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SEC Charges Ex-Janney Rep With Running $9.6M Market Manipulation Scheme

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What You Need to Know

  • The former broker allegedly orchestrated a market manipulation scheme from at least September 2015 to October 2020.
  • He allegedly used at 18 or more securities accounts at 14 different brokerage firms to artificially influence the market prices of more than 2,000 securities.
  • The scam started after he left Janney in March 2013.

The Securities and Exchange Commission charged a former broker with running a multi-million dollar market manipulation scheme in which he made coordinated trades between multiple accounts owned by him and his wife at different brokerage firms over the course of at least five years.

O’Brien allegedly made over $9.6 million in net profits from his successful coordinated trading events, the SEC said.

In a complaint filed on Thursday in the U.S. District Court for the Southern District of New York, the SEC alleged James David O’Brien, 50, of Gibbsboro, New Jersey, orchestrated the fraudulent scheme to artificially influence the market prices of more than 2,000 exchange-traded securities via 18 or more securities accounts with 14 different brokerage firms.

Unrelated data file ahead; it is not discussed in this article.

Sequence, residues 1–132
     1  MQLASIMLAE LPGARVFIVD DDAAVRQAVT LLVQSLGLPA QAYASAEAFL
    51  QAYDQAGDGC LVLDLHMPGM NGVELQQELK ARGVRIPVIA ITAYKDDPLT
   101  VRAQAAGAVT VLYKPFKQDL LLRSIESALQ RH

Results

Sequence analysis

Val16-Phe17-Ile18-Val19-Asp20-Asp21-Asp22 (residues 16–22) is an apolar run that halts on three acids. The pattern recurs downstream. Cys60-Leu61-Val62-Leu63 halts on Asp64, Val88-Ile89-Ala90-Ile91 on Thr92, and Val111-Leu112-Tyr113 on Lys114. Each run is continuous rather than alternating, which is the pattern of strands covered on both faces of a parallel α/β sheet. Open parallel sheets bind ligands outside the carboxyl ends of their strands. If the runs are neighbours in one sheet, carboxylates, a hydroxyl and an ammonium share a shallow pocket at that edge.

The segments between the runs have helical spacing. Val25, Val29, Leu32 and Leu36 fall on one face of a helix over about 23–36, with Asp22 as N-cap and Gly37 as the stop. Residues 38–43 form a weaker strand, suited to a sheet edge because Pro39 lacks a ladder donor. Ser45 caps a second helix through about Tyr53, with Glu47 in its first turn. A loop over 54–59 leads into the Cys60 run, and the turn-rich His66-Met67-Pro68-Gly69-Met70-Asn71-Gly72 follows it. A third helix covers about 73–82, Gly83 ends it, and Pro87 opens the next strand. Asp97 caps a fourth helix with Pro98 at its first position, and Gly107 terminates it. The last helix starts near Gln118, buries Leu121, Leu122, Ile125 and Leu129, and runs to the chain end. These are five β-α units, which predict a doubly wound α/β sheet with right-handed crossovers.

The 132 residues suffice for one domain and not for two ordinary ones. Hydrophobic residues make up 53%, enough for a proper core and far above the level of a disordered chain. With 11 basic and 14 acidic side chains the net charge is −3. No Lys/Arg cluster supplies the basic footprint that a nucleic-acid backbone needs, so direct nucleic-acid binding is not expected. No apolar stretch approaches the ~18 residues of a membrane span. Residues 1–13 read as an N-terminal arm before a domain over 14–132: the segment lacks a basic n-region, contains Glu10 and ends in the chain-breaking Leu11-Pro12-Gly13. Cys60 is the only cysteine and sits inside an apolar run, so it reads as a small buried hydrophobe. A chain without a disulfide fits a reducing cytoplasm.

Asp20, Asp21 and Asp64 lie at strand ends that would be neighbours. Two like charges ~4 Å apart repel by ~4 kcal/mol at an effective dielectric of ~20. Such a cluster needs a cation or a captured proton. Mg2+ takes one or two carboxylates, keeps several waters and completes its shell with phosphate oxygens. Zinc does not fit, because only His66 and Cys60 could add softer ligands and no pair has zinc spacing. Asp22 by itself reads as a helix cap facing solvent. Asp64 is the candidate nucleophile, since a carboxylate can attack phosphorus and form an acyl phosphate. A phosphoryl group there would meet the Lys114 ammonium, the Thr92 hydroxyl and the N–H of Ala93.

According to the complaint, from at least September 2015 to October 2020, O’Brien coordinated trading in at least two different accounts to create the false appearance of trading interest and activity in particular stocks that then enabled him to buy stocks at artificially low prices and quickly sell them at artificially high prices.

Prior to the scheme, O’Brien was registered as a broker with Janney Montgomery Scott from April 2006 until March 2013 and did not become registered with another Financial Industry Regulatory Authority-affiliated firm after that, according to his report on FINRA’s BrokerCheck website.

How the Scheme Worked

The SEC states that O’Brien allegedly accumulated larger stock positions in one or more “winner” accounts at one brokerage firm, while at/or around the same time placing smaller orders in the same securities on the opposite side of the market in one or more “helper” accounts at a different brokerage firm.

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O’Brien allegedly used the helper account trades to decrease the price of the security before he acquired it in the winner accounts, and/or to increase the price of the security after he acquired it in the winner accounts, looking to generate a net profit across all the involved accounts.

According to the complaint, O’Brien engaged in more than 18,000 of those coordinated trading events, with about 75% of the events resulting in net profits across the involved accounts.

The SEC charged O’Brien with violating the antifraud provisions of the Securities Act of 1933 and the Securities Exchange Act of 1934.

The complaint seeks permanent injunctive relief, disgorgement of ill-gotten gains and prejudgment interest, and civil penalties.

The report did not specify why O’Brien left Janney and the firm did not give a reason why on Monday, declining to comment on the charges its ex-broker faces.

(Photo: Michael Nagle/Bloomberg)